Looking ahead to the contract’s expiration in June 2024, Guerrero acknowledges there are many more challenges to address. He emphasizes the importance of the recent victory in restoring power to Local 99 but also notes the work is not yet done.

“We were able to shut down the second-largest school district in the nation and we were able to get what we received,” Guerrero said. “Right now the membership is really riding high on their strength and moving forward. They’re not going to hesitate to take action, they feel empowered.”

In addition to local issues, SEIU Local 99 persists in supporting state legislation, championing increased education funding. Advocating for the past legislature, the union strives for equal opportunity for its members and the students they serve.

“We need to make sure that the legislature understands that funding education is not something that should ever be on the conversation of cutting,” Guerrero explained. “For being in California, in the fifth or sixth largest economy, we should not be in the bottom ten of per-pupil funding, we should be one of the top.”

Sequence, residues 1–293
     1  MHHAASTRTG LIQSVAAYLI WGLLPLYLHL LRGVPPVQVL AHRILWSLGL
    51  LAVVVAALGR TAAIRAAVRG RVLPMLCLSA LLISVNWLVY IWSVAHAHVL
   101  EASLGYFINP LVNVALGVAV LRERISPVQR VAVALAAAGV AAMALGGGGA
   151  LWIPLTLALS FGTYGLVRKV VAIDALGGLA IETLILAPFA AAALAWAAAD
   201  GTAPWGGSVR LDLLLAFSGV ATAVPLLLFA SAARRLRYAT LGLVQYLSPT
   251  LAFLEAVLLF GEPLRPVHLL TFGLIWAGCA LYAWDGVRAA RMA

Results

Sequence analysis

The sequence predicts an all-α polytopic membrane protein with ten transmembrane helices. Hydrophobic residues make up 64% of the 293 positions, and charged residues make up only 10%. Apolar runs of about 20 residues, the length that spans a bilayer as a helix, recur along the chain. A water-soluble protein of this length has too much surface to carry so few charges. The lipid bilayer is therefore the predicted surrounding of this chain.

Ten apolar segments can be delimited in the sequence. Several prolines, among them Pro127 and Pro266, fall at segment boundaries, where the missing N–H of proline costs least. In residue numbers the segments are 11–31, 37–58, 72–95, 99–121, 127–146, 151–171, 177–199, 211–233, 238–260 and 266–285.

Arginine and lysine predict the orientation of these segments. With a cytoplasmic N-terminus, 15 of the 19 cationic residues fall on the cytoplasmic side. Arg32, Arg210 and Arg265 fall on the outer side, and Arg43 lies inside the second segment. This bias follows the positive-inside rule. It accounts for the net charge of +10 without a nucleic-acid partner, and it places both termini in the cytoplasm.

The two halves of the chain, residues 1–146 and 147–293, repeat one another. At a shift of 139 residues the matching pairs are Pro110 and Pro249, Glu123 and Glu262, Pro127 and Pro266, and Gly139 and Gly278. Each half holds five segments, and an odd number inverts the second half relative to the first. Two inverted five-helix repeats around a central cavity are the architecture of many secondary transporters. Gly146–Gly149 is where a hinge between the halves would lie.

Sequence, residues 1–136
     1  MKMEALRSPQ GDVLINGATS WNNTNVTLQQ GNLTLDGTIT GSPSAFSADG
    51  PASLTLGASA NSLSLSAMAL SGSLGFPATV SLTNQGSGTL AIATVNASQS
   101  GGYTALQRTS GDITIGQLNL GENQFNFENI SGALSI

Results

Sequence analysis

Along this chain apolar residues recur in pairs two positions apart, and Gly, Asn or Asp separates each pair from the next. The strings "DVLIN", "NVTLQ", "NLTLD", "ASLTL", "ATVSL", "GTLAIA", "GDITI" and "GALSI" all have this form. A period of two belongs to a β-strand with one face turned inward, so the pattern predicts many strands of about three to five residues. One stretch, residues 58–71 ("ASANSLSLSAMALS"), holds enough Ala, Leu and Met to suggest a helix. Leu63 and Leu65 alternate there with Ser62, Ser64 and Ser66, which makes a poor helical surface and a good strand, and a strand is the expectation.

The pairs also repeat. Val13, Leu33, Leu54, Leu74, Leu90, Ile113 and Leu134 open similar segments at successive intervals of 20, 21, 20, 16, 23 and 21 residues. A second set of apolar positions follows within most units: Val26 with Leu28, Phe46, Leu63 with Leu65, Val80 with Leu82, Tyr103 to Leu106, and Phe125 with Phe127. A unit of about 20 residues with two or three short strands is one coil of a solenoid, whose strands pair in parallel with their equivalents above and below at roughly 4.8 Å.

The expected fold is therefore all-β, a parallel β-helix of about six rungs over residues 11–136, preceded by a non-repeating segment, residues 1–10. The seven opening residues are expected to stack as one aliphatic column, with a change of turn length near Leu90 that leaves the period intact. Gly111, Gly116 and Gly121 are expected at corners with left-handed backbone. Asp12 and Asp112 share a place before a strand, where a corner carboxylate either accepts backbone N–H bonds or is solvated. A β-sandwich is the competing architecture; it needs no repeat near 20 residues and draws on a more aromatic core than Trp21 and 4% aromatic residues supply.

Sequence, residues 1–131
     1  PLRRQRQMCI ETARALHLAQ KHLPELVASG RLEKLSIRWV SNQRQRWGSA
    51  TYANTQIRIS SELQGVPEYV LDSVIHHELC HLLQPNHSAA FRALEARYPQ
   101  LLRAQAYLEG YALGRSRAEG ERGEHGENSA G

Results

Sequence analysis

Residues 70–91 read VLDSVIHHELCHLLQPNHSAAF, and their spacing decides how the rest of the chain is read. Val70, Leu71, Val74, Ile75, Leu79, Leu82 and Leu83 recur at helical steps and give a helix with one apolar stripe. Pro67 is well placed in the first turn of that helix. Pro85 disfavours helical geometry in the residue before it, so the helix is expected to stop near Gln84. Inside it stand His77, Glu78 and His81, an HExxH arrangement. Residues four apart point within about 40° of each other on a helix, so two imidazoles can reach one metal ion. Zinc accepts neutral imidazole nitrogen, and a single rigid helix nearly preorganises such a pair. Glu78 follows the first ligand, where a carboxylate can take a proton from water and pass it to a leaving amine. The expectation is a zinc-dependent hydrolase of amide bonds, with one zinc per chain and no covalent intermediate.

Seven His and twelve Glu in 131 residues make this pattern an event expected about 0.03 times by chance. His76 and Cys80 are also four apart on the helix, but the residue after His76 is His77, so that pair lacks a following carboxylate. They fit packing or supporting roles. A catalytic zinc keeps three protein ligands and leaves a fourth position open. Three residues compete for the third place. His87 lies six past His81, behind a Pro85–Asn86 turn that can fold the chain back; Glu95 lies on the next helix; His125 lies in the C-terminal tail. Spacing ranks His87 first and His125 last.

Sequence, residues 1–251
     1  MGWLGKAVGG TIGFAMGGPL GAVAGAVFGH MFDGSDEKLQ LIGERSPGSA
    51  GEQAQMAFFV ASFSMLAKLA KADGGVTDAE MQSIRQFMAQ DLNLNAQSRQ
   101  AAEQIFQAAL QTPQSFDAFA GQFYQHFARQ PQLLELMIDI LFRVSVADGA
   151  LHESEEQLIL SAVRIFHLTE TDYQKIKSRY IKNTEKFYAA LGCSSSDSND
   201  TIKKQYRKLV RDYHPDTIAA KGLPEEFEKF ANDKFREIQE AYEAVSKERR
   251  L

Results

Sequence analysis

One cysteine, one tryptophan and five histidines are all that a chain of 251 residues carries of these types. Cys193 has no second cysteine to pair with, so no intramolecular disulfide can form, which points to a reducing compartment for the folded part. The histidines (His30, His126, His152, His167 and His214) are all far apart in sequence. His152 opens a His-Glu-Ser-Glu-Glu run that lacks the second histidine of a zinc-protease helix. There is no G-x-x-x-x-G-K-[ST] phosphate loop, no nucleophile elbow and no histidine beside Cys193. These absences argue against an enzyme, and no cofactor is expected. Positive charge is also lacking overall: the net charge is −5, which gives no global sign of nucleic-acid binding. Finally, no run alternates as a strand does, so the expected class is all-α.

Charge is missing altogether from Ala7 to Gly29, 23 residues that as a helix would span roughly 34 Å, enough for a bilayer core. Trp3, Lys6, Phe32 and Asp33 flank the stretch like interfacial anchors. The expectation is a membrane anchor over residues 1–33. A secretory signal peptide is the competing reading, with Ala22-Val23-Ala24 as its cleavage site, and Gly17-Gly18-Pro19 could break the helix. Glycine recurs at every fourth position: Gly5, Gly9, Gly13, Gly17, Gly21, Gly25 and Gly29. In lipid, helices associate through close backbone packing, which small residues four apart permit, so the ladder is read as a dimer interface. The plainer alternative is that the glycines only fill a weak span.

Ultimately, funding is fundamental to ensuring all district programs and services are accessible to students.

As the dust settles following the strike and the signing of the new contract, the union and its members stand at a pivotal moment. Their recent victory has demonstrated the power of collective action, offering union members hope for the challenges that still lie ahead.

“This is going to be our history,” Ms. Christopher said. “Our students are the future, and we need to set a good example for them.” 

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About the Contributor
Zachary Skolnick
Zachary Skolnick, Staff Writer
Zachary Skolnick is a News/Features writer for The Mirror. He is a senior in his first year of journalism. Outside of working on the publication, he enjoys spending time with friends, participating in school productions, and volunteering in his local community. He respects all political views but leans to the left on most topics. He values helping others in criminal and social justice and plans to attend a four-year university, majoring in criminal justice.